Jones Touts Support for Timber Industry
As hundreds of chopped-down cedar trees rumbled down conveyer belts into roaring buzz saws, Republican U.S. Senate nominee Bill Jones scanned the vast stacks of lumber at a mill near snow-capped Mt. Shasta.
“This is important,” shouted Jones, sporting a blue hardhat. “This here today is one of the few facilities left to try and take advantage of the forests of California in a proper way.”
Jones warned that Southern Californians’ homes would all be built with wood imported from China if what he views as excessive forest preservation rules were not scaled back.
“This is California, and this is an industry that’s important to us,” he said.
The industry is also vital to Jones, not just for campaign donations, but for the conservative vote it represents in parts of the state where timber is the economy’s backbone.
Still, the lumber-mill visit was striking in its timing -- just nine days after Jones won his party’s nomination to challenge the Democratic incumbent, Sen. Barbara Boxer. In a state dominated by Democrats, the No. 1 imperative for a conservative Republican such as Jones in a general election race is to reach beyond his core supporters.
Those facing that task in most campaigns use the general election to cast themselves as strong on environmental protection -- an issue that resonates with moderate voters -- to offset attacks on their stands on abortion, guns and other issues. Even Jones took that tack just before the primary, denouncing offshore oil drilling at stops in Santa Barbara and Pismo Beach.
But in a two-day swing through the Central Valley that concluded Thursday here at the Sierra Pacific Industries mill, Jones instead focused on shoring up support among conservatives, signaling concern about their loyalty.
In part, that entailed stressing his opposition to gun control, which Boxer has used to portray him as out of step with most Californians.
“You let Barbara Boxer worry about the guns; I’m going to worry about the criminals,” he told listeners of a conservative talk-radio show Thursday in Sacramento.
The environment-versus-jobs clash served the same purpose. While depicting himself as a champion of jobs, he has described Boxer -- a sponsor of legislation to expand wilderness preserves -- as beholden to “extreme environmental groups.”
On Wednesday, he hammered her for criticizing President Bush’s abandonment of the Kyoto pact on global warming. Earlier, in Fresno, he questioned her lack of support for new oil refineries in California.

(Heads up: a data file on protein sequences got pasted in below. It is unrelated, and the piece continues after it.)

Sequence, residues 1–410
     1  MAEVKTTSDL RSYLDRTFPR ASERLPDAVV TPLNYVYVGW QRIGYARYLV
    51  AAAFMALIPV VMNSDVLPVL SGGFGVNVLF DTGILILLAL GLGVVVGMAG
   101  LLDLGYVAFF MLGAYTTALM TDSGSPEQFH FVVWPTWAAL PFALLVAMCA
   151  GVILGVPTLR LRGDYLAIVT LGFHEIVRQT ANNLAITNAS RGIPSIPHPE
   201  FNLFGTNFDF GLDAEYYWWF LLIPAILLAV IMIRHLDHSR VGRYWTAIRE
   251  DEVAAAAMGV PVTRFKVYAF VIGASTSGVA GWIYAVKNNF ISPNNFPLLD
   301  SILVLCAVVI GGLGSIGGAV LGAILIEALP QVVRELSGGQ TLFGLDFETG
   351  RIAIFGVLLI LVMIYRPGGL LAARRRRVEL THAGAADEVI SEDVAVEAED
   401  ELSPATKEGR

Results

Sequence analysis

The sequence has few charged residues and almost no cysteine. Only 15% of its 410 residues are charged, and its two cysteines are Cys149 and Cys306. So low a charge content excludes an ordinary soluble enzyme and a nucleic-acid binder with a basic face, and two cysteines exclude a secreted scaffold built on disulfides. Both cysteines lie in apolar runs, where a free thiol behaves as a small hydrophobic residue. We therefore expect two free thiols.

And Thursday, Jones campaigned at the same mill where former Gov. Pete Wilson -- at a 1996 rally for GOP presidential nominee Bob Dole -- suggested a new Republican Party motto: “It’s Jobs First, Not Earth First.”
In a haze of sawdust with a sharp scent of freshly chopped wood, Jones called Boxer a demagogue on the environment. He praised Bush for backing forest thinning to protect against fires and save logging jobs.
For Jones, the risk in making that kind of pitch is that Boxer could use it to undermine his appeals to moderates -- especially those in heavily populated coastal counties -- who put a high value on environmental issues.
“It’s her turf,” said John Syer, a professor of government at Cal State Sacramento. “It’s her issue. She’ll hit him over the head with it.”
Indeed, Boxer strategist Roy Behr said it was “incredibly revealing” that Jones had campaigned at the Sierra Pacific mill.
“Normally, after the primary, candidates turn to the middle,” Behr said. “Instead, Jones is turning to the right.”
That, it appears, is out of necessity. During the primary, Republican rivals tried to undermine support for Jones among conservatives by reminding voters that he had supported billions of dollars in tax hikes when Wilson was governor -- and that he had yanked his endorsement of Bush in the 2000 presidential primary and switched to John McCain.
A Times exit poll of voters in the Republican primary found that Jones won votes from just 43% of those who called themselves conservatives. Given that result, Republican pollster Bob Moore said it made sense for Jones to focus first on his base.
“Anytime you don’t get 85% of the Republican primary vote, there’s cleanup to be done,” said Moore, who worked for a Jones opponent, former U.S. Treasurer Rosario Marin, in the primary.
On his Central Valley tour, Jones played up his rapprochement with Bush, mentioning at every stop his ride on Air Force One during the president’s visit last week to California. He has also reiterated his support for Bush’s tax cuts.
The Times exit poll also showed the tough task ahead for Jones as he courts moderates and independents. It found that 67% of moderates approved of Boxer’s job performance and 58% of independents gave her favorable ratings. The survey also underscored her strong support among women: Two out of three gave her favorable job ratings.
At the mill, Jones said his focus on lumber industry jobs would appeal to voters throughout the state.
“Moderates, independents and women live in houses made of wood also,” he said. “They’re concerned about jobs and the economy also.”
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